This orchid species is the wonderfully fragrant and spectacular Prosthechea radiata (named for the red radial lines on the lip)
We have seen Prosthechea radiata growing abundantly in the hot lowland forests of Guatemala and Belize and the best place we have found to see it in the wild is the Ancient Mayan city of Tikal. Here it is easy to spot the species from the tops of the excavated Mayan Pyramids.
The photograph here shows one of the large plants (in bud) near this pyramid which makes the climb up the wooden steps well worth it.
The orchids in this forest are dominated by large specimens which indicates that the dryish conditions do not suit the establishment of seedlings except on particularly wet years.
The species makes great specimens in cultivation too and we have had plants bigger than the Tikal specimen. The plant featured today is well on the way with six spikes growing in a 15cm basket.
The species also flowers quickly from seed (in about 4-5 years)
We grow plants in Warm Americas where they are watered most days as baskets dry out quickly. It is interesting that for it to flourish in cultivation we grow this plant much wetter than it grows in its natural habitat. A key reason for this is very extensive root system epiphytes can develop in habitat where roots can run for several metres from a specimen plant. In cultivation deteriorating compost tend to reduce the number of years roots survive for and so the fewer roots are able to collect less water in cultivation.
Several plants make a lovely show this week.
As the hot weather continues we can celebrate this lovely warm growing species from Mexico and Central America. This is one species that always attracts attention from visitors with its large delicate butterfly pollinated flowers.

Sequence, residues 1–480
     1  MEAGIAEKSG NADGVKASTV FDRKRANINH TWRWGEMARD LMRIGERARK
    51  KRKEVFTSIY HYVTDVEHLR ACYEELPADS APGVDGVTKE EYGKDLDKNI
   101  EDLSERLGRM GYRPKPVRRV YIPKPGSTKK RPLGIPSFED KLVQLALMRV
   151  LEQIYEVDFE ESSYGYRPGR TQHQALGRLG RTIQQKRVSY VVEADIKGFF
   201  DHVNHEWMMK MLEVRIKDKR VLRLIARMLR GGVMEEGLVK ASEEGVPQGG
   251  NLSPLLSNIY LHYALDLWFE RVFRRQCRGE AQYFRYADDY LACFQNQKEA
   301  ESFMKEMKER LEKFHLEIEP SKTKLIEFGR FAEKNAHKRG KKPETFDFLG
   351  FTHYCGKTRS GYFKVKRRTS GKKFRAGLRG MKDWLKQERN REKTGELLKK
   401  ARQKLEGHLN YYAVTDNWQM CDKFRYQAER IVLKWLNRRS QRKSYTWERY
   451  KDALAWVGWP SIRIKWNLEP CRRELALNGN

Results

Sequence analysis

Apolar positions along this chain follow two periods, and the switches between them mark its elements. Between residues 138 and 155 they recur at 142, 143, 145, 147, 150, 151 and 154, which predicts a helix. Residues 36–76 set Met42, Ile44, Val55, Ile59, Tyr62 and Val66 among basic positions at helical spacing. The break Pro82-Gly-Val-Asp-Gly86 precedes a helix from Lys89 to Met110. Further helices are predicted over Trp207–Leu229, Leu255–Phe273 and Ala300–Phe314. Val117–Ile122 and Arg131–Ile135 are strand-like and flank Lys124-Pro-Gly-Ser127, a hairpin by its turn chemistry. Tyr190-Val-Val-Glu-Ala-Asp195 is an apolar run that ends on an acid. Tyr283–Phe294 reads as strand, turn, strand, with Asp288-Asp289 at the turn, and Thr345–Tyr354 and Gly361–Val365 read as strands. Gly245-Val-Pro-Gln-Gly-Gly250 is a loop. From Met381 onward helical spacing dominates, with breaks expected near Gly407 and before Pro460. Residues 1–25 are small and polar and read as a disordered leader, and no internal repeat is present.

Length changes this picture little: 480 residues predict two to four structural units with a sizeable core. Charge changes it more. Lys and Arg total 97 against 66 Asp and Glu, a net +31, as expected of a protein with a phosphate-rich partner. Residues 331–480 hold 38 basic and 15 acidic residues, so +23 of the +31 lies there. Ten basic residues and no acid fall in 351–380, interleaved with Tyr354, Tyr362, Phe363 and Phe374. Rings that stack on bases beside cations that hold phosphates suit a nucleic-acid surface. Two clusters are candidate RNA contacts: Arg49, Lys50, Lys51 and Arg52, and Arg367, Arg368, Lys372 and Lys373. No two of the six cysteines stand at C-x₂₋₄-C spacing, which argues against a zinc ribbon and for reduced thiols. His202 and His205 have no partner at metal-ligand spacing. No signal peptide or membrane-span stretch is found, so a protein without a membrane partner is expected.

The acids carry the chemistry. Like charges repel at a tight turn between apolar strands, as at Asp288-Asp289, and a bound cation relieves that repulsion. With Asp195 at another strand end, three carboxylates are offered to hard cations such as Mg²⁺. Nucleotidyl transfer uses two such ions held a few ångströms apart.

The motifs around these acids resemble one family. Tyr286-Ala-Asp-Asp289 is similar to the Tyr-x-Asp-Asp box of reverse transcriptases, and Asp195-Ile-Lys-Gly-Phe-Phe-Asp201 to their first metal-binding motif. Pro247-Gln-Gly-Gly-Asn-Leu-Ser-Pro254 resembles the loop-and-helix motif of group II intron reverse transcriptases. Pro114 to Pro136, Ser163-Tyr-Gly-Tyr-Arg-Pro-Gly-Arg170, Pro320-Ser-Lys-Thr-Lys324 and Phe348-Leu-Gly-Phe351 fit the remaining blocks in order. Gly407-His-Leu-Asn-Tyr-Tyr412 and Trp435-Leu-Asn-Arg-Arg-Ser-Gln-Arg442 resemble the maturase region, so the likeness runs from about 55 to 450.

This species is found in the wild in Mexico, Guatemala and El Salvador in dryish oak forest from 1200m to about 2000m. We grow it with a minimum temperature of 15 degrees C mounted on a cork slab in our Warm Americas section.
The natural habitat indicates it could be grown cool (down to about 12 degrees) but our plants seem to appreciate the heat. It flowers in the early summer as the first of our Barkeria speices each year.
We have tried growing the species in pots but we the roots have always suffered from rots and the plants have struggled as a result. On cork bark mounts the roots are wonderful and last for years, so we will always grow plants mounted.
A massive thank you to all the students and volunteers that made the Writhlington School Open Evening (For prospective students) such a success yesterday evening. Science room ST6 was a hive of activity with Agnes and her student team demonstrating the orchid Lab and helping youngsters to pot their own Coelogyne fimbriata.
In the greenhouse the sixth form team and Josh did a great job too and amongst the plants visitors enjoyed was Dracula amaliae.
Dracula amaliae is native to cloud forests in Colombia at around 1800m altitude. As with most Draculas it is pollinated by fungus gnats and attracts them with a fake mushroom shaped lip. This also gives the ‘Monkey Face’ look shared by a number of species.
We grow the plant in Cool Americas but find we need to give a few Dracula specific conditions for the plant to flourish. Firstly it needs to be grown in a basket (as you can see here) as many of the flowers grow downwards from the base of the leaves. Secondly it enjoys being very damp and heavily shaded. We find that the easy way to provide these conditions is to hang the dracula’s basket below another plant in a basket providing shade and added moisture. The level of moisture is shown by the natural growth of moss on the basket.
The final requirement is to avoid high temperatures which cause brown patches on the leaves and leaf drop. This is also helped by hanging below another plant as the dracula is at around waist height and not it the warmer air near the top of the greenhouse.
This all sounds quite complicated but as you can see it is well worth it.
Our Cool Americas section is looking wonderful this week thanks to the long arching sprays of Odontoglossum rhynchanthum.
Odontoglossum rhynchanthum is endemic to Colombian cloud forest above 2000m. Authorities describe the species as producing 30cm spikes with up to seven flowers but our clone produces graceful arching spikes to 70cm with up to twelve flowers. Leading bulbs produce a number of spikes and give a fantastic display of the large and colourful flowers.
We have divided our older plants and now have several young plants in baskets like the one shown. We find that baskets are ideal for odontoglossum species as long as they can be kept damp with watering most days.
We grow our plants cool (minimum 12C) and damp all year.